WASHINGTON DEPARTMENT OF FISH AND WILDLIFE
NEWS RELEASE
600 Capitol Way North, Olympia, WA 98501-1091

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March 02, 2004
Contact: Pat Pattillo, (360) 902-2705;
Or: Doug Williams, (360) 902-2256

Salmon forecasts show solid chinook, coho returns in 2004; Lake Washington sockeye salmon fishery possible

OLYMPIA - Salmon anglers throughout Washington state could see another great year of chinook and coho salmon fishing opportunities, according to new forecasts released by the Washington Department of Fish and Wildlife (WDFW).

The salmon forecasts for chinook, coho, sockeye and chum salmon are the starting point for developing 2004 salmon fishing seasons for Washington's marine waters.

Forecasts are available at WDFW's preseason salmon planning website on the Internet.

State, tribal and federal fisheries managers will meet March 8-12 in Tacoma with the Pacific Fishery Management Council (PFMC) to develop a range of options for this year's commercial and recreational ocean chinook and coho salmon fisheries.

Forecasts for Columbia River upriver chinook salmon stocks, which are the backbone of coastal and lower river chinook fisheries, appear to be much stronger than in 2003, said Pat Pattillo, WDFW salmon policy coordinator. Returns of lower Columbia River hatchery fall chinook, while below the 2003 forecast, are still expected to be strong enough to provide harvestable numbers of fish for coastal and in-river fisheries, he said.

Puget Sound chinook populations, which have protection under the federal Endangered Species Act (ESA) are improving in a number of rivers. For instance, Pattillo said a large increase in Snohomish River summer/fall chinook salmon abundance is forecast this year compared to the 2003 forecast.

But despite this optimistic forecast, fishing opportunities - particularly in areas where stocks are mixed - will likely be more restrictive this summer, Pattillo said.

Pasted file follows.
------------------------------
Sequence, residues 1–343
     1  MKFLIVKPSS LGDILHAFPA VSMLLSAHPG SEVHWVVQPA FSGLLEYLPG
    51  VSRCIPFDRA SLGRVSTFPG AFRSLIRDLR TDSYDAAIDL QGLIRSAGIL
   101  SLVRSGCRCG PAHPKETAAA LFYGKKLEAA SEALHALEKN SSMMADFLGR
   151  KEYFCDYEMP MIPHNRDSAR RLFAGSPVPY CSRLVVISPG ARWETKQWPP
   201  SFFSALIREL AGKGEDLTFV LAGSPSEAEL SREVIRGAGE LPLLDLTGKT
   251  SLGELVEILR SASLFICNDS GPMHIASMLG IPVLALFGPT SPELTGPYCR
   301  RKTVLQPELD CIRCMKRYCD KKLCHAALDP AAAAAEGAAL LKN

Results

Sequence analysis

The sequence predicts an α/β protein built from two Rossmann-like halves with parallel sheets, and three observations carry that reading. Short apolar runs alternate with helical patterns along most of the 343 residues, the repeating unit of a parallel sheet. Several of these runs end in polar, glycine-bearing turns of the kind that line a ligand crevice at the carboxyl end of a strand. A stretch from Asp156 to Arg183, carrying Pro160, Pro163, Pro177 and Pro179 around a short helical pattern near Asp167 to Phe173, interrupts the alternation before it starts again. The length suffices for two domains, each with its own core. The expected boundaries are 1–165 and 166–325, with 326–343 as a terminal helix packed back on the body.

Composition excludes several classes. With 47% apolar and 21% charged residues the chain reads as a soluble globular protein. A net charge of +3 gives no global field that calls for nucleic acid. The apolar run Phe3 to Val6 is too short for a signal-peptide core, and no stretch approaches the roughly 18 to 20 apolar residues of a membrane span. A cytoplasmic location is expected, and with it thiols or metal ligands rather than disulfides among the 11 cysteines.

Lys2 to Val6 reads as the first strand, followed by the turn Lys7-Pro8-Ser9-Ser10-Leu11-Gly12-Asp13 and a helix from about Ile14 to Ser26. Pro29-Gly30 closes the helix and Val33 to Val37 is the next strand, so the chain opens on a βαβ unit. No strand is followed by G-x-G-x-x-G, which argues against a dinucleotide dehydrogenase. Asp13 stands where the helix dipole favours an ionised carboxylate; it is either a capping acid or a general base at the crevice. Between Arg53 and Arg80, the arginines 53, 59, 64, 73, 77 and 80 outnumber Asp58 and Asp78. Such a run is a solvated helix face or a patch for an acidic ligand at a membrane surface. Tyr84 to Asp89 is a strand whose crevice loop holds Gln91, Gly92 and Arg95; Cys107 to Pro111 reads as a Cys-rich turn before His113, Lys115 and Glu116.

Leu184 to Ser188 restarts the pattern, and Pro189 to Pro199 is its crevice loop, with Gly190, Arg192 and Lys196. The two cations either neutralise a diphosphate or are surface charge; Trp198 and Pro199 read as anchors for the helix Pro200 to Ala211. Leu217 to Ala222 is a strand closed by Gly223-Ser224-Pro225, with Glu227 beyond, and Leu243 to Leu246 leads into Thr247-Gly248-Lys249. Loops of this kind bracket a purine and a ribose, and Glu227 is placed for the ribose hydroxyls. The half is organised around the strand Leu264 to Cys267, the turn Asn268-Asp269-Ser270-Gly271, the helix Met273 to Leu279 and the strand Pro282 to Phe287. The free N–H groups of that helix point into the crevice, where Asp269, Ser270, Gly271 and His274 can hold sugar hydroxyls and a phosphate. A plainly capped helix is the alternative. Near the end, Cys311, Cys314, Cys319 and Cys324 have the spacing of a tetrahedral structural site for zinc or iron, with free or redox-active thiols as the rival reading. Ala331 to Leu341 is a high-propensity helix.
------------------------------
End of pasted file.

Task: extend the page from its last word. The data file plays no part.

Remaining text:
"Our management challenge is to account for fisheries on ESA-listed stocks outside of our management authority," he said. "Canadian catches of Washington-origin chinook increased dramatically in 2003 from previous years, and high catch levels are expected again in 2004."

Pattillo said state and tribal fisheries will both likely bear the brunt of the anticipated increase in Canadian interceptions of Puget Sound chinook.

The overall coho salmon forecast for the state this year is for more than 2.1 million fish, down about 100,000 salmon from the 2003 forecast. Specific stocks that appear to be stronger in 2004 than in 2003 include the Strait of Juan de Fuca, the Skagit River and Hood Canal. Southern Puget Sound and Columbia River coho stocks are forecast to be lower than in 2003.

The forecast for Lake Washington sockeye salmon gives a strong indication that there will be more than enough fish returning to the big lake to support recreational and treaty Indian fisheries. The preseason forecast calls for a return of about 485,000 sockeye salmon, well above the 350,000-fish threshold that must be attained before state and tribal fisheries could begin.

Sockeye counts will be monitored at the Ballard Locks, and fisheries would be announced once a sufficient number of salmon were counted entering the Lake Washington system. Pattillo said WDFW is seeking public input on daily bag limits, preferences for fishing days and other components of a possible sockeye fishery.

Two public meetings will be sponsored by WDFW following the PFMC meeting to plan salmon fishing seasons for Washington's inside waters, including Puget Sound. These "North of Falcon" meetings are scheduled for March 17 at the Lynnwood Embassy Suites and March 30 at the SeaTac Holiday Inn. Meetings start at 9 a.m.

WDFW has set three additional public meetings in March to discuss regional fisheries issues. Input from these discussions will be considered as the pre-season process moves into the North of Falcon and PFMC meetings to determine final 2004 salmon seasons. The meetings are set for:

  • March 9 starting at 7 p.m. at the Willapa Harbor Chamber of Commerce in South Bend for Grays Harbor and Willapa Bay fisheries issues;
  • March 11 starting at 7 p.m. at WDFW's Mill Creek office to discuss Puget Sound fisheries issues;
  • March 16 starting at 9 a.m. at the Columbia River Double Tree Inn at Jantzen Beach in Portland to discuss Columbia River fisheries issues.

The PFMC is expected to adopt the final ocean fishing harvest levels and seasons at its April 5-9 meeting in Sacramento. The co-managers will complete the 2004 salmon fisheries package for Washington's inside waters by the conclusion of the PFMC's April meeting.

The preseason salmon forecasts, proposed fishing options and details on upcoming public meetings will be posted as they become available on the North of Falcon portion of WDFW's website on the Internet.